Varieties of post-civil war violence

Shaw, D. O. and Wedgwood Young, E. (2021) Varieties of post-civil war violence. Violence: An International Journal, 2(2), pp. 227-252. (doi: 10.1177/26330024211039864)

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Quantitative research on the “durability” of peace following civil wars typically captures the breakdown or survival of “peace” in a binary manner, equating it with the presence or absence of civil war recurrence. In the datasets that underpin such studies, years that do not experience full-scale civil war are implicitly coded as “peaceful.” Yet, post-civil war environments may remain free from war recurrence, while nevertheless experiencing endemic violent crime, state repression, low-intensity political violence, and systematic violence against marginalized groups, all of which are incongruent with the concept of peace. Approaches to assessing post-civil war outcomes which focus exclusively on civil war recurrence risk overestimating the “durability” of peace, implicitly designating as “peaceful” a range of environments which may be anything but. In this article, we discuss the heterogeneity of violent post-civil war outcomes and develop a typology of “varieties of post-civil war violence.” Our typology contributes to the study of post-civil war peace durability, by serving as the basis for an alternative, categorical conceptualization of “peace years” in conflict datasets.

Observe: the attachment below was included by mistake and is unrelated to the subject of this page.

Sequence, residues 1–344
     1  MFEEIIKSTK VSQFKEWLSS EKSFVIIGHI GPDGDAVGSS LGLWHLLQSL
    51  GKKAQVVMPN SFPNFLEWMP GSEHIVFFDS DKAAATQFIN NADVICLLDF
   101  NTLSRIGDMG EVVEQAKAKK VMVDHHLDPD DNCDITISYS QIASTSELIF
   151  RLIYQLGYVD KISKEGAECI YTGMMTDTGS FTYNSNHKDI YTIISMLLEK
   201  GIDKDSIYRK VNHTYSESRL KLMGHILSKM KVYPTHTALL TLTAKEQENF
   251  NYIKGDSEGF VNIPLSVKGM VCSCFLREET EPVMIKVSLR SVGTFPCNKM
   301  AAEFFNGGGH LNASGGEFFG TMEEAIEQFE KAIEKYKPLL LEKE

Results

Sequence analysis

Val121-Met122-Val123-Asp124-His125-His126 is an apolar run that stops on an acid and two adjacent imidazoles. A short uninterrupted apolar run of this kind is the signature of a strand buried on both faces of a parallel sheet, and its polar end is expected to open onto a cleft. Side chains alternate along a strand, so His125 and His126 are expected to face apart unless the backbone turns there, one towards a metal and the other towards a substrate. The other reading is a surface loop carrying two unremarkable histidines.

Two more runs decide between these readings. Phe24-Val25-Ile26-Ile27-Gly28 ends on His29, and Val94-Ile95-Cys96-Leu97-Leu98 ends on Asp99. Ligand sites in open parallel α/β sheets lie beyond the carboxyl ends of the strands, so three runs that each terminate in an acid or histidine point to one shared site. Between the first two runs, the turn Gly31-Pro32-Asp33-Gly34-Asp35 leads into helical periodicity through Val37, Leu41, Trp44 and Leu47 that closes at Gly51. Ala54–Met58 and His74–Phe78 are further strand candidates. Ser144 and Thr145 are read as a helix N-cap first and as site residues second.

Item Type:Articles
Glasgow Author(s) Enlighten ID:Shaw, Mr Daniel and Wedgwood Young, Enrique
Authors: Shaw, D. O., and Wedgwood Young, E.
College/School:College of Social Sciences > School of Social and Political Sciences
Journal Name:Violence: An International Journal
Publisher:SAGE Publications
ISSN (Online):2633-0032
Published Online:13 November 2021
Copyright Holders:Copyright © 2021 The Authors
First Published:First published in Violence: An International Journal 2(2): 227-252
Publisher Policy:Reproduced under a Creative Commons License

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Project CodeAward NoProject NamePrincipal InvestigatorFunder's NameFunder RefLead Dept
303166Scottish Graduate School Science Doctoral Training Partnership (DTP)Mary Beth KneafseyEconomic and Social Research Council (ESRC)ES/P000681/1SS - Academic & Student Administration